For anyone determined to get Flappy Birds working, and willing to run the risk of a virus, I found a version here. I used an APK installer from the Play store and sent the file to my Android devie using Gmail. At your own risk!

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Accessible Pool

Shaz playing Eye Toy Play 2 Motion Pool at GEEK 2014 in Margate.

Motion Pool in EyeToy Play 2.

Silent Running robotic pool table.

Show cased at GEEK 2014 and fighting for light most of the time was EyeToy Play 2: Pool for the Playstation 2. This old game is a hidden accessible gem. Find it via Games - Playroom - Motion-Cam - Pool. Unless light fades or you put your hand over the lens the game stays in a free-playing game of hexagonal pool.

You can move the camera nearer to you to make the game a bit easier if you have limited movement or just want to use a specific part of your body. There's an inherent game built in whereby the number of shots you take to clear the table is recorded along with the time, but you can just as well make it multi-player game of Killer or anything you like thanks to its free form nature. I love it.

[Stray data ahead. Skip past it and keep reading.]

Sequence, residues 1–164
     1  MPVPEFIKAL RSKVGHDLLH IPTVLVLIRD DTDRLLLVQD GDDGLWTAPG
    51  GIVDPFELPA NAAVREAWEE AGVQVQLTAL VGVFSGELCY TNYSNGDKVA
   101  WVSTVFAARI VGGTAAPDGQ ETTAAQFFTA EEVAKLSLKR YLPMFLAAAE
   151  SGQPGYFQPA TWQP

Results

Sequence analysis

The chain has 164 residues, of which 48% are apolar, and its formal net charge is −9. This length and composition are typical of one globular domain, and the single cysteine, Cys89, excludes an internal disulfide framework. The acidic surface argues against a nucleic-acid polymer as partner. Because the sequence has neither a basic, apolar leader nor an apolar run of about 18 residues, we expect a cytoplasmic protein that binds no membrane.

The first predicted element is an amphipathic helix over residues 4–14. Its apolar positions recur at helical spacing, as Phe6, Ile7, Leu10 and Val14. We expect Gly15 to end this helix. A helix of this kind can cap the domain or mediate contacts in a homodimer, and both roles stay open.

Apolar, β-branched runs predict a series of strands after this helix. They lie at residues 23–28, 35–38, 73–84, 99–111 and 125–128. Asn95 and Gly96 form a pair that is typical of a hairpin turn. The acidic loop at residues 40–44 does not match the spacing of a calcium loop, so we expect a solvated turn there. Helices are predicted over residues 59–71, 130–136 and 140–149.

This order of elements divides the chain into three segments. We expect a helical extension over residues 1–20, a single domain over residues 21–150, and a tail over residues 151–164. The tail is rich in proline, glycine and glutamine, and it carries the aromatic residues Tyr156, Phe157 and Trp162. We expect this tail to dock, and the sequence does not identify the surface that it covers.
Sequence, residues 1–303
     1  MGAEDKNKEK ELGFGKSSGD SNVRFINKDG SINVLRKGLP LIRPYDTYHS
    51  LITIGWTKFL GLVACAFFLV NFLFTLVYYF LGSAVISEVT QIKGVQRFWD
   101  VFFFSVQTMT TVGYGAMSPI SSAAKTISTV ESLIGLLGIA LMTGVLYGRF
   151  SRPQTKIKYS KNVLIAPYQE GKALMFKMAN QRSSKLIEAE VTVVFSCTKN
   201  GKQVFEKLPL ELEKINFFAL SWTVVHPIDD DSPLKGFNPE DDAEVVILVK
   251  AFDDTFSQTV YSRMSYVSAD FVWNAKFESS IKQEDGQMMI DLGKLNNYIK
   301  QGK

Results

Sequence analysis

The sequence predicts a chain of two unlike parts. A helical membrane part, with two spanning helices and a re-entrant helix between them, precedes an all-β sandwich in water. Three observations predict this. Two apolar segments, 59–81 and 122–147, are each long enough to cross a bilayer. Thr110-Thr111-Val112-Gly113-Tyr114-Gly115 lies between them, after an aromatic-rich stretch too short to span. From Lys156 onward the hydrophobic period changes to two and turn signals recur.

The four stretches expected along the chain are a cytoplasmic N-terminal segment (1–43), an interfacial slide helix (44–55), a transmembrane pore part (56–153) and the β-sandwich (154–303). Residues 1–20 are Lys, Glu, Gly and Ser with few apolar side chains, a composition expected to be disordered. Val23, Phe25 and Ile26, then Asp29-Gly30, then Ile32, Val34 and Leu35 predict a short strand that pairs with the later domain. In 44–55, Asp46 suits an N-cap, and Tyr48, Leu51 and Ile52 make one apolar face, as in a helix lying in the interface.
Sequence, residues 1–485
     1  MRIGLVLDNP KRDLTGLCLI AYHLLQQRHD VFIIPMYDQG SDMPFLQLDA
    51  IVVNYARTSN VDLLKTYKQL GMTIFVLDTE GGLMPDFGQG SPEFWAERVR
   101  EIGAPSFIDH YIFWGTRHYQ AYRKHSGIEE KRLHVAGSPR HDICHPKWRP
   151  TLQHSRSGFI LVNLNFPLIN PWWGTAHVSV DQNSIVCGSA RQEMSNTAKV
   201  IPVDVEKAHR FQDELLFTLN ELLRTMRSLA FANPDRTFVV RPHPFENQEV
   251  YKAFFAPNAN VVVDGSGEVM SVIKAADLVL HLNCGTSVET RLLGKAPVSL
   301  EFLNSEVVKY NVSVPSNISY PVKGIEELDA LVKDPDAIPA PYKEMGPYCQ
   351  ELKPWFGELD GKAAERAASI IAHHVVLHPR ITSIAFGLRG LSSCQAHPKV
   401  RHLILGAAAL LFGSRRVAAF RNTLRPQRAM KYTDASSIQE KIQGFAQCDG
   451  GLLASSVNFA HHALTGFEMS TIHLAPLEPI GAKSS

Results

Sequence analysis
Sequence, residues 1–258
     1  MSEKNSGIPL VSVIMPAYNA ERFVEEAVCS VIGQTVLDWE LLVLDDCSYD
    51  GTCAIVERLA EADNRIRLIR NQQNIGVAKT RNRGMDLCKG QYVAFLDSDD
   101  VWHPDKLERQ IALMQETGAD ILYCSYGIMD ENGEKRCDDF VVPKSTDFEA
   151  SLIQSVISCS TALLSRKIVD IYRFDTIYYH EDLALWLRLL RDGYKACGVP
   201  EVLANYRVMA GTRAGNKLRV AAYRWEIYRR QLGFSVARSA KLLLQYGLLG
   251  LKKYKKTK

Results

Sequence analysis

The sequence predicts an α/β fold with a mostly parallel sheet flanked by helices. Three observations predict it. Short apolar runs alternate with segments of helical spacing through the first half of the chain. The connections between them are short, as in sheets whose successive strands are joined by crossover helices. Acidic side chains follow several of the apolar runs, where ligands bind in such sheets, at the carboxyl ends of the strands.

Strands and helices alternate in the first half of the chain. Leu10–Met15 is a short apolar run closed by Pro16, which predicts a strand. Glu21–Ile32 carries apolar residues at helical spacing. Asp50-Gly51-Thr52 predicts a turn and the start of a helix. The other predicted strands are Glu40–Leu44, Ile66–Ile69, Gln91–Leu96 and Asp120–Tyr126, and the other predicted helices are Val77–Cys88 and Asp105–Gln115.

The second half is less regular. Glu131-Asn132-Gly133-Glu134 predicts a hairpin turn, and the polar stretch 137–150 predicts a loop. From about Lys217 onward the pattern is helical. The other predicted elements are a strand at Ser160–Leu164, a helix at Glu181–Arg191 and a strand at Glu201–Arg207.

Many years ago (around 1998) I used a switch adapted Atari STe with Archer Maclean's Pool to support people to play real vs. virtual games, sitting next to a real pool table. The one-switch gamer would be assisted to line up a shot (I'd continually adjust the angle through left to right around an obvious shot) waiting for them to hit their switch. After the shot was played, we'd move the balls on the real pool table to match. The opponent would take their shot on the real table with a real cue, and we'd then use the trick-shot editor to match the balls on the Atari. Always thought how cool it would be to have a Silent Running type automated system. So brilliant to see that pretty much realised in the CanAssist video of switch accessible Billiards above.

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GEEK 2014

Two-switch Wii Mario Kart, Motion Pool and One-switch Flappy Birds emulated.

EyeToy: Play2 Pool for GEEK 2014 and SpecialEffect.

Flappy Birds on Android emulator with accessibility switch and Trabasack.

Here's a sneak peek at the set-up Shaz Hossain, Cassie Sobey-Smith and myself will be show-casing for SpecialEffect at this year's Geek 2014 in Margate. Will likely vary some of it on the day but the plan at the second is...